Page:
Monday, October 31, 2016


A few months back, I asked my Facebook mommy friends to weigh in with their childbirth experiences.  A compulsive planner, the goal was to gather their collective knowledge and funnel it into my own birth plan.

But soon my simple query turned into a real conversation.  SO MANY amazing ladies responded; and as I eagerly absorbed their stories, I noticed some patterns.  It seemed the most disappointed women were those whose detailed birth plans were overruled by medical necessity.

So rather than attach ourselves to an unrealistic plan; spend money on classes we might not need and/or hire a potentially useless doula- Will and I decided the best plan was to wing it.

Yeah.  I know.  Me... wing it.  Crazy.

My only wishes were:

  1. That my mom, sister and husband be allowed to coach me through early labor.
  2. That I wait as long as possible to get the epidural.
  3. That above all, we do whatever necessary to get our baby out safely.

As we drove to the hospital, I quietly prayed we made the right decision.


"Ohh..." said the on-call physician.

As she looked over my swollen, welt-covered body she conceded my case of PUPPS was in fact the worst she'd ever seen.

Moments later I was administered an invasive dose of Cervidil - a tiny tampon-like object covered in goo meant to soften my cervix.  I read that Cervidil could even kick my body into labor - but since the doctor's prediction for this induction was so confidently gloomy, I was prepared for massive disappointment.

As suspected there was no dilation when they checked me at 5 AM.

"So what now?"  I asked, sadly.  "Will I need to re-do the Cervidil tonight?"
"Hmm..." said the physician, inspecting my anatomy.  "I actually think an enema would help."
"An... enema?"  I trembled.

I was skeptical - not to mention scared for my tushie - but ultimately if it would get this kid out of me, I was game.

A couple hours after the interesting procedure, we received some good news:  I was 4 cm dilated and fully effaced!  Encouraged by my progress, the doctor agreed to break my water and get the show on the road.

Soon my mom and sister arrived.

"4 cm dilated!!"  I shouted as they walked through the door.  They screamed with excitement.  "The doctor just broke my water!"

They rushed over to lift my blanket and see for themselves.

"OH!" they simultaneously recoiled.
"Ali - that's the wrong color..." my sister said covering her mouth.
"What?  What do you mean?"  I asked.

The doctor came back and explained that there was meconium present in my amniotic fluid.  This meant Bobby had a bowel movement while inside me.

"So... I mean, is my baby going to be okay?" I asked.
"Yes - we'll have to monitor him very closely for stress;" explained the doctor  "and if he's ingested any of the contaminated fluid - he may need to spend some time in the NICU,"
I nodded sadly as I considered this possibility.
"Either way" she continued "time is of the essence.  I'll have them prep your delivery room and we can get going."

By the time transport arrived my contractions were in full swing.  The nurses helped me stand, at which point more of the discolored liquid came gushing out of me.  During the short, swampy walk to my wheelchair, I had to brace myself two separate times to breath through the surges - all the while trying to apologize for the mess I was making.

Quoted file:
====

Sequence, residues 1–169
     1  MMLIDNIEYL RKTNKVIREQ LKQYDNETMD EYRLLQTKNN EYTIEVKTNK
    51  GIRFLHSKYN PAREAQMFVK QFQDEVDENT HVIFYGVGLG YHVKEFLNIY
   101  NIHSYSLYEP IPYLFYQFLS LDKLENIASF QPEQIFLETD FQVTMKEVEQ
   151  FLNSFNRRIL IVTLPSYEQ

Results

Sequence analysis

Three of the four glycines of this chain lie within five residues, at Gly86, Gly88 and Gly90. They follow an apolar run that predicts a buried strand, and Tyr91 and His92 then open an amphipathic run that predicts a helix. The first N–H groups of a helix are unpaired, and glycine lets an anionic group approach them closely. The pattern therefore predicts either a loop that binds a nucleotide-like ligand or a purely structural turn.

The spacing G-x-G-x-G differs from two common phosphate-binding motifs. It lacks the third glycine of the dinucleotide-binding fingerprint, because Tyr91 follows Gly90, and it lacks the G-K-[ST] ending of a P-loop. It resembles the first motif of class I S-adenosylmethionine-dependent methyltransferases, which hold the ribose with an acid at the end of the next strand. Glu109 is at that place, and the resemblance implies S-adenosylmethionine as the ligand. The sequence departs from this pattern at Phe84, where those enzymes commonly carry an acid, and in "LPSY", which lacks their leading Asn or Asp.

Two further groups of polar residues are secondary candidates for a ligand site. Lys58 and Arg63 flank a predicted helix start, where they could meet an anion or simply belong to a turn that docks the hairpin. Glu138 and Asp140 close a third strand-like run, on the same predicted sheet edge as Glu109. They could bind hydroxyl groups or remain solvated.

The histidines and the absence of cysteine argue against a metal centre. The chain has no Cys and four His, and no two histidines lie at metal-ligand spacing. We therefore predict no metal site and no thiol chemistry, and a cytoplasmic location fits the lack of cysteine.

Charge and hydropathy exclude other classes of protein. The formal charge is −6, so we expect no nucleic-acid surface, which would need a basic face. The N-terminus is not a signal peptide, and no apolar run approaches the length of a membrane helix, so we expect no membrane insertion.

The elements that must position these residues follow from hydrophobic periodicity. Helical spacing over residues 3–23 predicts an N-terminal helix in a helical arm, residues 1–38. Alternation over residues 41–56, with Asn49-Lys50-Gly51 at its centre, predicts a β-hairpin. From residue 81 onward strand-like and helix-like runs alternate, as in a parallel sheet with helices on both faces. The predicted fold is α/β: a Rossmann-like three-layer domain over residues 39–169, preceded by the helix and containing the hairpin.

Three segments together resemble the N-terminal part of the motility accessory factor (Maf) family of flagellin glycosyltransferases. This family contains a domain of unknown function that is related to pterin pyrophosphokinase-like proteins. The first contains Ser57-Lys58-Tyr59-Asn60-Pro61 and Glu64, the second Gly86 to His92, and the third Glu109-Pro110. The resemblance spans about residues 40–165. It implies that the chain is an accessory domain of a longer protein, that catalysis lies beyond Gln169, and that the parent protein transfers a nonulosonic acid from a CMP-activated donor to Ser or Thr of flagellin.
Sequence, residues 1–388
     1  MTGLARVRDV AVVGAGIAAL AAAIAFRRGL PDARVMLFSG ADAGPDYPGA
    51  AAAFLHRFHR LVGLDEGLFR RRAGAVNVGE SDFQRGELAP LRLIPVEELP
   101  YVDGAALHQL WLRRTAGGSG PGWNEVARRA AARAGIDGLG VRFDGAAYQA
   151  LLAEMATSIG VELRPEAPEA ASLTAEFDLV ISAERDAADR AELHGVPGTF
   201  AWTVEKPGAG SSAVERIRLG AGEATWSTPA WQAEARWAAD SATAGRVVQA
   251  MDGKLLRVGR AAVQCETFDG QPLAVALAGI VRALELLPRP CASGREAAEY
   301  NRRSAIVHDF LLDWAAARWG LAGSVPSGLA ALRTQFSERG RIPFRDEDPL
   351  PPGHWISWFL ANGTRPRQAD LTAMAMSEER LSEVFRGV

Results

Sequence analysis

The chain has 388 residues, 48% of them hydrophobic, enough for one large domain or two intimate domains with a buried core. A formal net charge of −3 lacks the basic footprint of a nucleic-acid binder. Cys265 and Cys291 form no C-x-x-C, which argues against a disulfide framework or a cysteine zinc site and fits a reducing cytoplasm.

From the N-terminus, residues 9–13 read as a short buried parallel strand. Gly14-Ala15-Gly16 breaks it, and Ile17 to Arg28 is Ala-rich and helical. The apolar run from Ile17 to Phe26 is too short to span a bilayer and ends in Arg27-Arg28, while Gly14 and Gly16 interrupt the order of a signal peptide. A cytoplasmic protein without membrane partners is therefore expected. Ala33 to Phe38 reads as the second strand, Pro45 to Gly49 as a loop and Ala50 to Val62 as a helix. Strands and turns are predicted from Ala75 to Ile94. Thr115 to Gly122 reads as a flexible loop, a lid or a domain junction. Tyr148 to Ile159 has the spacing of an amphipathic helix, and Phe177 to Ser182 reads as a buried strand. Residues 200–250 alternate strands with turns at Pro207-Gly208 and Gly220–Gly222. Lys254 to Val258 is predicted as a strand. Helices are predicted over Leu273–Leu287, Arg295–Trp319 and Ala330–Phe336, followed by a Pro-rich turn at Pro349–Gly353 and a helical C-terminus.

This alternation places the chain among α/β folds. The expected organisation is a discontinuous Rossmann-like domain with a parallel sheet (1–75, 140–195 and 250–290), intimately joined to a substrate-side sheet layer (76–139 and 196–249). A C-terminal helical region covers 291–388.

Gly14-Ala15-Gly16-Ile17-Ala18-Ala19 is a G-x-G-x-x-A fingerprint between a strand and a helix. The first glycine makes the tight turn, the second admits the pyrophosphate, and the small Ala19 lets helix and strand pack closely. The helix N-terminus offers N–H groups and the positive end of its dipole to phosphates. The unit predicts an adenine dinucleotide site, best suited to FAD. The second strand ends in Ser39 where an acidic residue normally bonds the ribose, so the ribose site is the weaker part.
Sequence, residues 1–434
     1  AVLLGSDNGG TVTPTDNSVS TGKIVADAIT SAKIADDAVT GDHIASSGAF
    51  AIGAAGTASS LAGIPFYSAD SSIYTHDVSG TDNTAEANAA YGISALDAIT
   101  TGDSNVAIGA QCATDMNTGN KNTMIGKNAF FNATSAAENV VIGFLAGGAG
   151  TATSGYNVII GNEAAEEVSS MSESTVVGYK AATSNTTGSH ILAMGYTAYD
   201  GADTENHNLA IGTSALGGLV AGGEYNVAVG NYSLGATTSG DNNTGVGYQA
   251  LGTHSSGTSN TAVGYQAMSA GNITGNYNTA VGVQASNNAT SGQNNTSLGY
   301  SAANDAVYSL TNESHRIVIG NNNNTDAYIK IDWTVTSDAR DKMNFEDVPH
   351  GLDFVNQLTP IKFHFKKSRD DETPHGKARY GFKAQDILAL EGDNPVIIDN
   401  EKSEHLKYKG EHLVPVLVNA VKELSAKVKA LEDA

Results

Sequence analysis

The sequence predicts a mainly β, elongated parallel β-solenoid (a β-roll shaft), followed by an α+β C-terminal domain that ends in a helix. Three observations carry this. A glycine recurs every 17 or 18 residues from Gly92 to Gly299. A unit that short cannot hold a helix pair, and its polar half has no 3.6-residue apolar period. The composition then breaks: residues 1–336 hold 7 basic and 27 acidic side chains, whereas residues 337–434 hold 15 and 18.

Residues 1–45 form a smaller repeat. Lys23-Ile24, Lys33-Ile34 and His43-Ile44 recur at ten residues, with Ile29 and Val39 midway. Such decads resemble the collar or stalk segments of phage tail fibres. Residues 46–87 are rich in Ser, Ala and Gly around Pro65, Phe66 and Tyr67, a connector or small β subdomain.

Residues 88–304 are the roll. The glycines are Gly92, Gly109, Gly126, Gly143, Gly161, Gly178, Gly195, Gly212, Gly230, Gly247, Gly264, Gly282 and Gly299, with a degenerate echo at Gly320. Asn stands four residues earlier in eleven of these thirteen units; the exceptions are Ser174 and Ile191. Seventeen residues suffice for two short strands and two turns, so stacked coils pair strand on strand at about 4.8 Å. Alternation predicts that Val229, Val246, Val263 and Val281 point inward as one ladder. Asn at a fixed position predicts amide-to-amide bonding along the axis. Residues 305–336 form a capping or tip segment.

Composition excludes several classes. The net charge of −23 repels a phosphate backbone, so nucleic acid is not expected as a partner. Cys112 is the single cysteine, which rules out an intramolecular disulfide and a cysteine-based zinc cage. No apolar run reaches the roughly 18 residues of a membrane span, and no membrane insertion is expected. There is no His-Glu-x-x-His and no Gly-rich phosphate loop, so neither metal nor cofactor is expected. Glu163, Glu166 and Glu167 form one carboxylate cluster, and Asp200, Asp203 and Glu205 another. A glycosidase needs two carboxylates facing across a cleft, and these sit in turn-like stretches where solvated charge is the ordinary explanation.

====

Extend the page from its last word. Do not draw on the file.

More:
Once we settled into the snazzy new delivery room, I was free to concentrate on labor.  Will, Mom and Vic worked in shifts holding my hand and coaching my breathing.   Each time I felt a contraction coming on, I'd signal for help.  Whoever was 'on' would drop what they were doing and rush to my side.  Using this system, I found it easy to breath through the labor pain.  But after four hours when I still hadn't progressed, we started talking about pitocin.

Pitocin is a synthetic hormone administered by IV to strengthen contractions.  I labored for another two hours on pitocin and noticed the surges were coming on faster and more furiously.  Between bouts of tightening and intense breathing, the labor shakes took over my body - forcing me to flail wildly in bed.  I knew we were running out of time and I didn't want my pain threshold to hold me back.  So I told the doctor to order the epidural and crank the pitocin as much as possible without stressing the baby.  She agreed and soon the anesthesiologist was there with her giant needle.


Okay so here's my take on the epidural:

Why the hell would you NOT get the epidural???

Those contractions were OFF THE CHARTS and I literally - not kidding here - slept through them.


Moral of the story:  GET THE EPIDURAL.


In any event - after twelve hours of labor my doctor arrived to make the final call.

"You're still only 4 - maybe 5 cm dilated" she said.  "There's A LOT of meconium and I don't want to wait too much longer before we discuss C-section."

Will and I looked at each other, took a deep breath and nodded.

"We tried." I said, the reality slowly setting in.  "Nobody can say we didn't."

After I legally consented to the procedure my family came back in to wish me luck.  I hugged them one-by-one, realizing with each embrace that I'd never, ever had major surgery before.

My Mom was the last up.

"Mommy" I said, a tear working its way to my eye "I'm scared."
She smiled gently.  "You're going to be fine.  And you're going to be a mother."        

1 comment:

  1. Amazing blog. You have a great flair for writing. I enjoyed your journey through pregnancy. I went through 3 days of labor before delivering my first baby. Things were different in the 1970's. Had it been today, they would have given me a C-Section. Keep on writing, you are good at it.